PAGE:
It’s Pesto Time!

If I had to pick a scent that screams summer, it would be the aroma of fresh basil. I use this fragrant summer herb, straight from the garden, as an unexpected pop of flavor in sandwiches and salads, sprinkled on pizza and eggs and of course as the star ingredient in pesto. Needless to say, I’m basil obsessed. Our garden is gifting us with gorgeous basil plants this year so it’s pesto time. Pesto is a fabulous way to use up lots of basil at one time. Use pesto as a topping for grilled fish, burgers or chicken, tossed with warm pasta or add it to scrambled eggs for a light, summer meal.

Garden Fresh Pesto

Ingredients

5 cups fresh basil leaves (no stems, pressed into a measuring cup)

1/2 cup walnuts

2 cloves garlic, roughly chopped

½ cup extra-virgin olive oil

1/3 cup freshly grated Parmesan Reggiano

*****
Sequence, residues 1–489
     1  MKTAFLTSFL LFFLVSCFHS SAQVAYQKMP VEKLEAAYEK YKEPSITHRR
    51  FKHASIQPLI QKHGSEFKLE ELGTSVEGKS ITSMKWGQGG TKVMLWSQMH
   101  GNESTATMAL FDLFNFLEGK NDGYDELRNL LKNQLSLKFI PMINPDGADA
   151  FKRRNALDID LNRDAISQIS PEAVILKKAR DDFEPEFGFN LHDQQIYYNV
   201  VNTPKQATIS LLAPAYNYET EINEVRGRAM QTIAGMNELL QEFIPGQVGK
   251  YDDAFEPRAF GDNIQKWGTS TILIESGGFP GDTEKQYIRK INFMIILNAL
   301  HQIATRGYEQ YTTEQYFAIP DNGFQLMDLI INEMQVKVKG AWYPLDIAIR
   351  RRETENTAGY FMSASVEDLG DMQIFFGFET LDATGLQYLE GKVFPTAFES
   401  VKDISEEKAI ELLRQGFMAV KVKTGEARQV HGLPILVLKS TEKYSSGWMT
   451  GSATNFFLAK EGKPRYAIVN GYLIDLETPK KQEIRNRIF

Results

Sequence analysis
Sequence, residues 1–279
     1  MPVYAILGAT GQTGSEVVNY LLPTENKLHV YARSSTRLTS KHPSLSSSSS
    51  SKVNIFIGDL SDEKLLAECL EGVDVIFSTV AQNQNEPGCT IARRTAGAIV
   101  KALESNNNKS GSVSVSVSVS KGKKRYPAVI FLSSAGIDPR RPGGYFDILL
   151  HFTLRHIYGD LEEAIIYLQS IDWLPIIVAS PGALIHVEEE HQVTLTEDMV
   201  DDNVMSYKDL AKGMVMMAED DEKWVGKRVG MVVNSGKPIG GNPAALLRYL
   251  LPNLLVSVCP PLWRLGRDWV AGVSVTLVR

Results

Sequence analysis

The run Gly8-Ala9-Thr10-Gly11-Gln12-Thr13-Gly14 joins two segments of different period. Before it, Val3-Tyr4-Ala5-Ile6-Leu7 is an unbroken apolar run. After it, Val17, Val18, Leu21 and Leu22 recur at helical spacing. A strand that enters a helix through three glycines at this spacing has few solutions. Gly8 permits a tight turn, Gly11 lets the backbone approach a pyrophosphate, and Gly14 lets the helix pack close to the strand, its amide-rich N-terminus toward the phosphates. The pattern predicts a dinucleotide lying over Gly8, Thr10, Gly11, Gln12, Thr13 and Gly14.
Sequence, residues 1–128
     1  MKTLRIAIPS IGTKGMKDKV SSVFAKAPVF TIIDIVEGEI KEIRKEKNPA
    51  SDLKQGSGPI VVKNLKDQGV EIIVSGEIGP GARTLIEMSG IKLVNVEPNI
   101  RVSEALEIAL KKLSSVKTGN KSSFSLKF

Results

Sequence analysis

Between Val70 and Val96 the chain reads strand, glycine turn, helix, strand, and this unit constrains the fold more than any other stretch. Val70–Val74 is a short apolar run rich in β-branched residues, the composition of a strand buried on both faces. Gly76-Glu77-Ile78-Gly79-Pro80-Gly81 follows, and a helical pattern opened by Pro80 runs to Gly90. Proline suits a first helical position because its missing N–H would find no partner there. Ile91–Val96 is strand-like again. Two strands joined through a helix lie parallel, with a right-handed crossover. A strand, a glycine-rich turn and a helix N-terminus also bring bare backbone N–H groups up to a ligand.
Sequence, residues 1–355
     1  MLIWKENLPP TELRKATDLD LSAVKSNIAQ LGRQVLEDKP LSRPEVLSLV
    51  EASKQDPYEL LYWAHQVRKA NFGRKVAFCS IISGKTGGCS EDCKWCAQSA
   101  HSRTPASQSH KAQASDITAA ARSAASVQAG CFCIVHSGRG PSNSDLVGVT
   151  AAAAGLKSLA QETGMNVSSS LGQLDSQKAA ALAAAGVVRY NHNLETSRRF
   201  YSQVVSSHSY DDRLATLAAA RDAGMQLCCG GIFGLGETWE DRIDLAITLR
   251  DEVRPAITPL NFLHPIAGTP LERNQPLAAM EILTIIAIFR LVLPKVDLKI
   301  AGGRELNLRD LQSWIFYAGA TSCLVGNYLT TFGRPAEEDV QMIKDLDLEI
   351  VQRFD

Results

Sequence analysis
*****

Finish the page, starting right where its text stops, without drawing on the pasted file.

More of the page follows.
Salt and pepper to taste

Directions

Combine basil, walnuts and garlic in a food processor. Process until finely minced, using a rubber spatula to scrape down the sides of the bowl. With the food processor running, slowly drizzle in the oil until the mixture is smooth. Add the cheese and process for a few pulses, just to combine. Add salt and pepper to taste. Add more olive oil if the pesto is too thick. Store pesto in an airtight container, top it with a little bit of olive oil and keep it in the refrigerator. If you want to freeze the pesto, don’t add the cheese. You can stir the cheese into the pesto after the pesto defrosts.

Note: Pesto originated in Genoa, Italy, and is traditionally made with a mortar and pestle, not a food processor. There are many varieties of pesto ranging from parsley, arugula, spinach to sun-dried tomato. Traditional pesto recipes call for pine nuts but I prefer to use walnuts because I always have them in my freezer and they add a nice dose of omega-3 fatty acids.

Nutrition Note: Basil is considered a dark leafy green and it is rich in antioxidant compounds called flavonoids. It’s also considered to have antibacterial properties from the volatile oils within the basil leaves. A ½ cup of basil provides 98% of your daily requirement for vitamin K.

Judymatusky.com

 

 

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